If the ball hits the wall at an angle of 45° after traveling 25m upwards, what does that tell you about what the maximum height reached would have been if the wall was not present?
Hi Rapier!
In question 6, \gamma denotes the Lorentz factor, \gamma=\frac{1}{\sqrt{1-\frac{v{^2}}{c^{2}}}}. Does this help you determine the correct answer?
For question 11, as you correctly said, we have the idea of a relativistic mass. This is the "actual" mass of an object traveling at...
http://www.ocr.org.uk/qualifications/type/gce/science/physics_a/documents/ [Broken]
OCR maintain a stock of all their A-level past papers free for anyone to download. This is the exam board I did my A-level physics with, I wouldn't say they are particularly difficult at all, although the grade...
Well, start with the x-component of v_f. What will that be?
Remember there's no friction whilst the mug is sliding, and I assume there is no air resistance.
Well, I could derive why it produces a hyperbolic cosine here, if you like? With regards to a qualitative explanation, I'm sure someone else can provide a clearer answer than myself.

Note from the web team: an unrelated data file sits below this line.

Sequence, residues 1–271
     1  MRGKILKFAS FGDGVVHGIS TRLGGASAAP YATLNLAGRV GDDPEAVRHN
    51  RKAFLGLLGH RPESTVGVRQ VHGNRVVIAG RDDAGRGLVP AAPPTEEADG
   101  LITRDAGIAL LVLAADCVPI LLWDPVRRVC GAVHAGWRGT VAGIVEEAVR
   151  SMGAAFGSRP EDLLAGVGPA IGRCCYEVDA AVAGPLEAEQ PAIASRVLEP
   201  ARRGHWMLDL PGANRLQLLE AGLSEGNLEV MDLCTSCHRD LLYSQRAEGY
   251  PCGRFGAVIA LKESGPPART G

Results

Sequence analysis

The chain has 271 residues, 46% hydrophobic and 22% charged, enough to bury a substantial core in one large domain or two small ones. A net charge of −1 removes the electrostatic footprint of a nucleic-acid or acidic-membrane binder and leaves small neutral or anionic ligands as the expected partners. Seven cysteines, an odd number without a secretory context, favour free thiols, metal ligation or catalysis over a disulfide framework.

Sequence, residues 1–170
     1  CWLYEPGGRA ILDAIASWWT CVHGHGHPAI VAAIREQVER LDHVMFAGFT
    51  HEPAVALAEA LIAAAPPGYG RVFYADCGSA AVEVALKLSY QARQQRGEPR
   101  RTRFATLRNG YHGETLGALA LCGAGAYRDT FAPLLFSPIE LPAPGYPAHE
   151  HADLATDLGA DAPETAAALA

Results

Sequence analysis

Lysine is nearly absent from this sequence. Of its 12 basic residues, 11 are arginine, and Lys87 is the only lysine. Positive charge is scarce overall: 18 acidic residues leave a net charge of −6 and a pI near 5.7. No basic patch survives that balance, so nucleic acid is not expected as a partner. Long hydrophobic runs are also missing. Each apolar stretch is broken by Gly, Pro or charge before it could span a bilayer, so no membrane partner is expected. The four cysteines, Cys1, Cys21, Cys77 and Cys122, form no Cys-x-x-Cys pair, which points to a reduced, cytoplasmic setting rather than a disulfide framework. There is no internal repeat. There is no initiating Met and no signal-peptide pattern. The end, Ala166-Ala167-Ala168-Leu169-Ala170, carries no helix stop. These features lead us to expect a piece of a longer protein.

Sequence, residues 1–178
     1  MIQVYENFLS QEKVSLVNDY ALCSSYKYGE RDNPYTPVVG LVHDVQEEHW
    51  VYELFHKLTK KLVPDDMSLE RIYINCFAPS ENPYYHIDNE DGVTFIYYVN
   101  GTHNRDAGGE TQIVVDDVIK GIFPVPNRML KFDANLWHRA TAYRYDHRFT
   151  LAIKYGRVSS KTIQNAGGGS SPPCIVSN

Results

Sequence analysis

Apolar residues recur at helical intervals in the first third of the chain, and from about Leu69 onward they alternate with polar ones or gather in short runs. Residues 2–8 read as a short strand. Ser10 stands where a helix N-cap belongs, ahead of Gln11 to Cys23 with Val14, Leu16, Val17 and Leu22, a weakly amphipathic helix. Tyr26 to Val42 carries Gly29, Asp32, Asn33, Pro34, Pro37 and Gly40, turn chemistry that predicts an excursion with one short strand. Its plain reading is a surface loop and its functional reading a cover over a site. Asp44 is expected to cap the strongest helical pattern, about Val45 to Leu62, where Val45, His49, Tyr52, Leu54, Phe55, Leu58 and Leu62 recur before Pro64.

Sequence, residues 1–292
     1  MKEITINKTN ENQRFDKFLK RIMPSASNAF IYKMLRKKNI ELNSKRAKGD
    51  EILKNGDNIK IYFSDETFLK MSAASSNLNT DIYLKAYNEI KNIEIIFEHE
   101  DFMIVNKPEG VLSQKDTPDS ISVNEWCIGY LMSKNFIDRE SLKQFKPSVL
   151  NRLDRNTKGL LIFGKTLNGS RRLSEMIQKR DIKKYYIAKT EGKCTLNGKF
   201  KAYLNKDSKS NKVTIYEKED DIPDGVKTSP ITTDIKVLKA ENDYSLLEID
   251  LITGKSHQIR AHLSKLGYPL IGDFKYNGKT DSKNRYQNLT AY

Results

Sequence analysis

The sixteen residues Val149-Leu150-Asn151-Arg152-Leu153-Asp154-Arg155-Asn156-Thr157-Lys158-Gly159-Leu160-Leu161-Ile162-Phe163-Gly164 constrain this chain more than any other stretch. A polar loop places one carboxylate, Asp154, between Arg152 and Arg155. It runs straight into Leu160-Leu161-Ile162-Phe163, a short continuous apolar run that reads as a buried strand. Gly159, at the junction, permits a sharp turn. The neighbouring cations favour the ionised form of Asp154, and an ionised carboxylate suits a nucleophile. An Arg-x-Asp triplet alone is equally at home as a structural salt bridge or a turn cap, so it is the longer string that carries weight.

Well, your solution is incorrect at two significant figures, so I presume your book didn't make that assumption, and you may have to use reduced mass in the future.
It seems like you have been asked to find the first Lyman series wavelength for this atom, correct? You have worked out the...
I wouldn't say it was resolved in the wrong way, your reasoning will work well enough for any purpose where the orbiting particle has negligible mass compared to the nucleus.
The same idea applies when we model planetary orbits. Assuming that the orbiting body orbits the centre of mass of the...
By simply replacing me with 207me, you are assuming that the meson is orbiting the centre of mass of the hydrogen proton. This assumption is valid for electron orbits as their mass is negligible for all intents and purposes, but as the proton is only ~9 times more massive than the meson, we must...